tel (wig). The wig was a little too big, so when my moth-
er turned around — the wig didn't."
When the stage, screen, TV and recording star paused
for just a moment — probably to take a puff from his
ever-present cigar — I slipped in a question about the
importance of religion in his life.
The enduring entertainer, born Nathan Birnbaum,
said that observance was more important on a daily
basis to Gracie, who was Catholic. He did not mention
that he was honored on his 85th birthday with a Hol-
lywood party to commemorate the building of the
George Burns Medical Center at the University of Is-
Burns explained how he loved show business
since age 7, when he sang with the Peewee
Quartet on the streets of New York.
"We passed around a hat," the come-
dian recalled. "Sometimes they put some-
thing in the hat. Sometimes they took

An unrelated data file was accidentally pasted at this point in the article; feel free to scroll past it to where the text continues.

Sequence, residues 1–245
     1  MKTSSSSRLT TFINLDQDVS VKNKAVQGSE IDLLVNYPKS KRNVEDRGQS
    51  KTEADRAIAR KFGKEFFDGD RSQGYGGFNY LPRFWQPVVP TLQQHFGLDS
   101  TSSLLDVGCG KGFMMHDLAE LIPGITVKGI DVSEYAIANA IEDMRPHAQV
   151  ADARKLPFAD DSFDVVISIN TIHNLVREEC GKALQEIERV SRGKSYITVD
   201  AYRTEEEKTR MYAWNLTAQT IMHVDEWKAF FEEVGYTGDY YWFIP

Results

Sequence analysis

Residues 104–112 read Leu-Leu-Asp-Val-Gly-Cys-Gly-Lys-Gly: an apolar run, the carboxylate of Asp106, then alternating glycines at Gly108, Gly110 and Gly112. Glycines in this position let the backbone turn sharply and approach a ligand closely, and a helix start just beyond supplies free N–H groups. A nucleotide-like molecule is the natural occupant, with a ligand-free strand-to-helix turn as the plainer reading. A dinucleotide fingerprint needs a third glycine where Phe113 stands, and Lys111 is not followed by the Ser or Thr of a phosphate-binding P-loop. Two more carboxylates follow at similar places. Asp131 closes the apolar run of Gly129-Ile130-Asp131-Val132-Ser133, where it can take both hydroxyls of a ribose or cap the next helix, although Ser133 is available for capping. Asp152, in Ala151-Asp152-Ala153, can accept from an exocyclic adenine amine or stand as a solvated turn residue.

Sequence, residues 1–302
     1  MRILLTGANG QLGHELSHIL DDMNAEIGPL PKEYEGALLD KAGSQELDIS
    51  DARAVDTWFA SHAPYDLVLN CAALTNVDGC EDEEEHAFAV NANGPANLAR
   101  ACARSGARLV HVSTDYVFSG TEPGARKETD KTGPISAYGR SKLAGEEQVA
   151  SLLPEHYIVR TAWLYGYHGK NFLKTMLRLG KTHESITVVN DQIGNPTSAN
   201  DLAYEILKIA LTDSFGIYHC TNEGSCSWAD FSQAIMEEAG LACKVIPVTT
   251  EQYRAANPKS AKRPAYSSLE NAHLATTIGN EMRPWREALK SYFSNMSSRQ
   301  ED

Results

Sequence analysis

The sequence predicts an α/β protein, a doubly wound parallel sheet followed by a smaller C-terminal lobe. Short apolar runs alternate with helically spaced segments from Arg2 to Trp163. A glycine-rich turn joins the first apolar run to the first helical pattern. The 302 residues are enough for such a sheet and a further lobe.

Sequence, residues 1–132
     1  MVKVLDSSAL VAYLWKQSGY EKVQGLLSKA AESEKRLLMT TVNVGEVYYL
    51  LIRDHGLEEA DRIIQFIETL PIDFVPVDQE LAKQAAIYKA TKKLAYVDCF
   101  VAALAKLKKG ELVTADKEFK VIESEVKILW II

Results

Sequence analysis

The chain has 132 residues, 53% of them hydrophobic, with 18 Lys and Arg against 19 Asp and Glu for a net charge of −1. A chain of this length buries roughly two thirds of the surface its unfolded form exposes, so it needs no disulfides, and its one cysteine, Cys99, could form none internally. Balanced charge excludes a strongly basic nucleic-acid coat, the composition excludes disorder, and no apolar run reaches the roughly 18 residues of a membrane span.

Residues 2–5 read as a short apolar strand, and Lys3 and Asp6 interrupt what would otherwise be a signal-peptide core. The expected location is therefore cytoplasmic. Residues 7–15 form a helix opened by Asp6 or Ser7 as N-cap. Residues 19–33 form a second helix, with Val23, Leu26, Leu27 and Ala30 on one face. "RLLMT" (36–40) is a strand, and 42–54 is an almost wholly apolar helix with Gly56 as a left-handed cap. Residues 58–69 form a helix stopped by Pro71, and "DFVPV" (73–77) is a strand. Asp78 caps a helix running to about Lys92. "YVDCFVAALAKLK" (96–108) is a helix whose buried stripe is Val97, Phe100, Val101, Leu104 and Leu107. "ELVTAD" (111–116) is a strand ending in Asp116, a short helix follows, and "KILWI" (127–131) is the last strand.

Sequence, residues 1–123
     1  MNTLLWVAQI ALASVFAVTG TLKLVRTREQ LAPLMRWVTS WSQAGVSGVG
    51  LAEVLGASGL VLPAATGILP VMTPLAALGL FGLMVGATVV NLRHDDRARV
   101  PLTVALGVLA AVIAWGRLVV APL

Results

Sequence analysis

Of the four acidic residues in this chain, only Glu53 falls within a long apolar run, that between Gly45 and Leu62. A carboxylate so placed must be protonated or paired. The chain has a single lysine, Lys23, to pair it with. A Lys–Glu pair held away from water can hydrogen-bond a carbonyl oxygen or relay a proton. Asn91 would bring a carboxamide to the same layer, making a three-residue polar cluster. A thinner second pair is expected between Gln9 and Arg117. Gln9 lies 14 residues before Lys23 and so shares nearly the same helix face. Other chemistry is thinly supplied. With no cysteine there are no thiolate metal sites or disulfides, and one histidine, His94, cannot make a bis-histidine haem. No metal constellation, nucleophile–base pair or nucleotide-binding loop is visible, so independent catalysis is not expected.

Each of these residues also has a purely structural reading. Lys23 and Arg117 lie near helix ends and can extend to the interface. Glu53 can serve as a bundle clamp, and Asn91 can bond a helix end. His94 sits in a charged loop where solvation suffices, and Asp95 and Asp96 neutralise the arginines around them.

something from the hat. Sometimes they took the
hat — we lost a lot of hats."
Affirming how he loved all the experiences of his
long career, Burns wanted me to report a lesson longevi-
ty had taught him.
"Fall in love with what you do for a living," he advised.
"It's great for my age, at 96, to get out of bed and have
something to do because I can't make any money in
Did he have a Jewish joke for The Jewish News?
"I have a joke, but it's not Jewish," he answered.
"A teacher says to a kid in school, 'What does your
father do?' The kid answers, 'My father's a doctor.'
"She asks another kid, 'What does your father do?' The
second kid answers, 'My father's a lawyer.'
"She says to a third kid, 'What does your father do?'